Barring another extension, The Phantom of the Opera will close in April and the torch will pass to Chicago as the longest-running show currently on Broadway. The bare-bones revival of this musical of murder and infamy (lyrics by Fred Ebb, music by John Kander, and book by Ebb and original director Bob Fosse) has played continuously since 1996 — decades longer than the 1975 original production. One might reasonably expect the show to have entered tourist-trap territory by now, with phoned-in performances for half-awake viewers who picked up their discount tickets at the TKTS booth an hour before curtain. But it's one of the great delights of Broadway in 2023 that the cast and crew of Chicago are still performing like it's opening night.
Maybe it's because the story of Chicago has only appreciated in value in the age of social media, "reality" television, George Santos, and any number of fraudulent celebrities who now occupy prime real estate in our national attention. It's about Roxie Hart (Charlotte d'Amboise), an aging flapper who cheats on her husband (an appropriately pathetic Evan Harrington) with a furniture salesman (Brian O'Brien) and then shoots the bastard when he tries to walk out on her. She hires the unscrupulous lawyer Billy Flynn (James T. Lane) to represent her, and he immediately launches a media blitz designed to throw her case to the court of public opinion. If Roxie plays her cards right, she might even leverage her scandal into a career in vaudeville. But she'll have to contend with his other client, Velma Kelly (Amra-Faye Wright), as well as any murderess-turned-tabloid-celebrity coming into the clink after her.
For a show that is so much about the power of novelty in a fickle culture, Chicago benefits most from the seasoned performances of Wright and d'Amboise, both of whom have appeared regularly in this show since the turn of the century. Hopping with mousy, quirky energy, d'Amboise portrays a Roxie who is not a natural stage presence: She's breathy and excitable, and it seems as though any missed step or dropped line will send her rushing for the inhaler. That makes her sudden fame feel even more like a precious commodity she cannot afford to lose. She plays off the audience during "Roxie" like she's giving a one-night-only concert, and seems to particularly delight in antagonizing Velma, the Cristal Connors to her Nomi Malone. Wright plays the part of old pro well, delivering line readings that are as sharp as her dance moves.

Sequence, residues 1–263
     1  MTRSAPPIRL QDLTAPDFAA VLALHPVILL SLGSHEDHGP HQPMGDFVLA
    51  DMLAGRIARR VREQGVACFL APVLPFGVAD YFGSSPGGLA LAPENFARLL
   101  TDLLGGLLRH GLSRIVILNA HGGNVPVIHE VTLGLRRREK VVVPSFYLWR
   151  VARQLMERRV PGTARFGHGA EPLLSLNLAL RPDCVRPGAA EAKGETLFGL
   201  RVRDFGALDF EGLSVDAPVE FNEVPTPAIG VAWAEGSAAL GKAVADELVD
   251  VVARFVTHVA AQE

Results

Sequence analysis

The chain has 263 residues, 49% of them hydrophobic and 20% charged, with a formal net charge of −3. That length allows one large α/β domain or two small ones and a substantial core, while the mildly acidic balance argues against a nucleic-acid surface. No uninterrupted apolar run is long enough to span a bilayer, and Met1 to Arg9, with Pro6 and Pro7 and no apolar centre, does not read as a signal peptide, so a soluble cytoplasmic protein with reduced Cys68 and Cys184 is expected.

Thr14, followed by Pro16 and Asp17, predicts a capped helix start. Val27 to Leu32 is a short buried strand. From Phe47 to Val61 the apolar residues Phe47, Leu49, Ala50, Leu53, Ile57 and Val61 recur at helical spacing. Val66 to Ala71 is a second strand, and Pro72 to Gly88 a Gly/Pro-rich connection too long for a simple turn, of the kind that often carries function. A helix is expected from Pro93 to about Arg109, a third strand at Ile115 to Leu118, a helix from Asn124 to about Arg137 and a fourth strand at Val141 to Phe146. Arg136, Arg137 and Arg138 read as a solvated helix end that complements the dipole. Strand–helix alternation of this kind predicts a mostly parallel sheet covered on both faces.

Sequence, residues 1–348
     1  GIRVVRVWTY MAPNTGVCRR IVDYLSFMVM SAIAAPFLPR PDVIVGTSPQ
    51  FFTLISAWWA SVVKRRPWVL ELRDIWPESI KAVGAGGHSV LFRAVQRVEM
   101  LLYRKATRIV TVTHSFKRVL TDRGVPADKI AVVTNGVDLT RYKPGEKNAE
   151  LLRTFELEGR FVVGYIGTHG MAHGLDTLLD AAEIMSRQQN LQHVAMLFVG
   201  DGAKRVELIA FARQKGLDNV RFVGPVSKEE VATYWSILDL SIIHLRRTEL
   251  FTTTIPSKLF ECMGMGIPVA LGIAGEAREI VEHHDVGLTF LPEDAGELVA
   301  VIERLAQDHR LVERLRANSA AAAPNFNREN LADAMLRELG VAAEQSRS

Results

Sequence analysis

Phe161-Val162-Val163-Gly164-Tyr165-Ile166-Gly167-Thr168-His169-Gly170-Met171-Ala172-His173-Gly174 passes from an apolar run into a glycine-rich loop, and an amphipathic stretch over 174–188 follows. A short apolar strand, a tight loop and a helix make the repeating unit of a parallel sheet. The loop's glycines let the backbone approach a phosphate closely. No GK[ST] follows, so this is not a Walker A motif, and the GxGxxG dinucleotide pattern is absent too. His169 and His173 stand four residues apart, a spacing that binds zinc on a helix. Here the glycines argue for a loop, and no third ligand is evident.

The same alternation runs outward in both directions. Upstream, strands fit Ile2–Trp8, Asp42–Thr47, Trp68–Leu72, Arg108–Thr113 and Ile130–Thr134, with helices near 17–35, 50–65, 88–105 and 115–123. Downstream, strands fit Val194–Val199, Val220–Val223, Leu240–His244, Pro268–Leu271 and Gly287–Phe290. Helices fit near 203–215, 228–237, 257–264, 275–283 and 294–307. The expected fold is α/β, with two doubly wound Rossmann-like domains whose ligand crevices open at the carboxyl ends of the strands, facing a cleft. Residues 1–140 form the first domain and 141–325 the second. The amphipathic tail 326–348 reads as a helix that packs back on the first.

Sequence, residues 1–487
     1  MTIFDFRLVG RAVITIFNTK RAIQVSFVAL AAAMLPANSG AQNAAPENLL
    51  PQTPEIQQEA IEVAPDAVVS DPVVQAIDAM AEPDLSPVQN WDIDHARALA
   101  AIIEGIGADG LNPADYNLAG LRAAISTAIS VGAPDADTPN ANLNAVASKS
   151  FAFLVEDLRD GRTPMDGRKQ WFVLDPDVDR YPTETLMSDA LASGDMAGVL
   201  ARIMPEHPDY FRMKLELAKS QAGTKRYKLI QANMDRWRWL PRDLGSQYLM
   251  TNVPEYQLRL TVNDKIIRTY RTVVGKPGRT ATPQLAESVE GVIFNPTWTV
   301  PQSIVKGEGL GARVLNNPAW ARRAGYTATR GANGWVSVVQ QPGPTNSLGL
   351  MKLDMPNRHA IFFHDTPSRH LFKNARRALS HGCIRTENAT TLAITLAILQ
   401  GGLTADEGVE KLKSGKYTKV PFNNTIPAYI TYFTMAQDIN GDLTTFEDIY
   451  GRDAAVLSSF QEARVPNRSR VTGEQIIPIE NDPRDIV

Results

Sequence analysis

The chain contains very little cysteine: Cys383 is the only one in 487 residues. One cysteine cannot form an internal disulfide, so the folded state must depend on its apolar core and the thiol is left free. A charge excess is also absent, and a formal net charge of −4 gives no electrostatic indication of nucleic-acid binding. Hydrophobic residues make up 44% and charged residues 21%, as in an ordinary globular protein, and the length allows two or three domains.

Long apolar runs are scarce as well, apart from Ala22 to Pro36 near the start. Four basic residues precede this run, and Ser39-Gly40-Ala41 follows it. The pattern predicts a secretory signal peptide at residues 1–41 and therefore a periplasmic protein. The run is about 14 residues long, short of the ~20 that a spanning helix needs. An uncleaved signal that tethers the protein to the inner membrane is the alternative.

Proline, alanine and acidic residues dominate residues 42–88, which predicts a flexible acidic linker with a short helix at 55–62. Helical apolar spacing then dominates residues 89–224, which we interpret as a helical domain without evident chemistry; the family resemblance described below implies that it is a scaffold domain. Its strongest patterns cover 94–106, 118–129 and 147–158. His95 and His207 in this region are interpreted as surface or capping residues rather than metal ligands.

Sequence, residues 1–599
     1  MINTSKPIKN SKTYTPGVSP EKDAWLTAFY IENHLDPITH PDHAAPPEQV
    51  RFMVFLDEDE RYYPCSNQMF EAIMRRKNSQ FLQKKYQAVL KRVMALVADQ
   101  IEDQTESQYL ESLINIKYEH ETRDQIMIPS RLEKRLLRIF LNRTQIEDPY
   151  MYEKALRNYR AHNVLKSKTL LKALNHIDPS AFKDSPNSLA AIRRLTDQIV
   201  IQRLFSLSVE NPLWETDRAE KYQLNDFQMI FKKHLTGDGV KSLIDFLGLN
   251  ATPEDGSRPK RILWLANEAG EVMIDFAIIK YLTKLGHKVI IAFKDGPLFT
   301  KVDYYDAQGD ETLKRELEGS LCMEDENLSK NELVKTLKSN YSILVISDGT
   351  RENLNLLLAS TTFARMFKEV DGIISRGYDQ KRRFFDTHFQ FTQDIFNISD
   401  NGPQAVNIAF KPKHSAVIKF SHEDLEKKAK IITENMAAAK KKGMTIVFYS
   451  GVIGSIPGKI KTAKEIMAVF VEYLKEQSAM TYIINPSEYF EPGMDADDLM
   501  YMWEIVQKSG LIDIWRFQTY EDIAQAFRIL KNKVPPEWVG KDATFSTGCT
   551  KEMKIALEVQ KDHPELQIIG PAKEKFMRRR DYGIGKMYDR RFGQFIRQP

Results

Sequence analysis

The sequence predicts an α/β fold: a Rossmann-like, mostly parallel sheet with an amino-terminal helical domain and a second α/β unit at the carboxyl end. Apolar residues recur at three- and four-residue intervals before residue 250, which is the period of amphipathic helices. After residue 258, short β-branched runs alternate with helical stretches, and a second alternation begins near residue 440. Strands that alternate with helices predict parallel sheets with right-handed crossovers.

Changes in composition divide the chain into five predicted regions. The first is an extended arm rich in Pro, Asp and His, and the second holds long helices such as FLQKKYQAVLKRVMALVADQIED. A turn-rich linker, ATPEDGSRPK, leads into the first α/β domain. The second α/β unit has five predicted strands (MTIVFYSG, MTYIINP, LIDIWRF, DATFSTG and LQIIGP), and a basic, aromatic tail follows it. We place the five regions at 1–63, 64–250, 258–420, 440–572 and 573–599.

Lane has appeared in several roles in Chicago before assuming the role of Billy Flynn. His rich intonation and disingenuous smile conjure the image of velvet smeared with Kerrygold butter — a combination simultaneously decadent and revolting. One never questions his command of the press, particularly the credulous Mary Sunshine. Ryan Lowe, who has played this part for over a decade, still soars into the rafters with his magnificent countertenor. Additionally, he seems to have been lifting hard since I last saw this production, making his second act reveal even more delightfully subversive.
If the veteran performers are the backbone of Chicago, the celebrity replacements (often derided as "stunt casting") are the lifeblood. Chicago has featured Jerry Springer, Pamela Anderson, Wendy Williams, and no fewer than four Real Housewives. These people bring fresh perspectives (and, crucially, new ticket-buyers) to the Ambassador Theatre. It's smart business and good dramaturgy in a musical that is all about the fleeting enchantment of public attention.
The newest addition to Chicago is Jinkx Monsoon, a double winner of RuPaul's Drag Race and the first drag performer (with apologies to NeNe Leakes) to assume the role of Matron "Mama" Morton. From the wild entrance applause she received during a recent Saturday matinee, it's clear that she's holding up her end of the bargain — and she justifies their enthusiasm with a goosebump-producing rendition of "When You're Good to Mama." One of the great belters presently working on the American stage, Monsoon's voice only seems to have grown since her annual holiday show with BenDeLaCreme. While her exaggerated dialect is more Canarsie than Chicago, Monsoon justifies the choice with a fully realized portrayal of Mama as a grotesque inhabitant of this world of smoke and mirrors, in which the most opportunistic always find a way to profit from tragedy. We easily fill in the backstory.
The excellent ensemble does the rest, creating memorable moments within director Walter Bobbie's staging and the late Ann Reinking's precise Fosse-inspired choreography. Rachel Schur's hilariously novel interpretation of Annie (the inmate charged with poisoning her Mormon husband) suggests a frazzled PTA mom. Christine Cornish's heartfelt turn as Hunyak, the Polish immigrant who professes her innocence, injects gravity into an otherwise frivolous spectacle. And Michael Scirrotto's tour de force as every member of the jury practically steals the scene. All these performances pop within a design scheme (atypically spare set by John Lee Beatty, harshly theatrical lighting by Ken Billington, sexy sheer costumes by William Ivey Long) that establishes the essential mood of the piece with brilliant economy. These are the best tricks of experimental theater applied to a big Broadway musical.
I am typically of the opinion that no show has any business occupying a Broadway house for more than a decade: Theater is ephemeral, and the magic tends to wear off as the years pass and performances become stale. Chicago makes this a difficult position to maintain. Ten thousand performances later, it's still dazzling.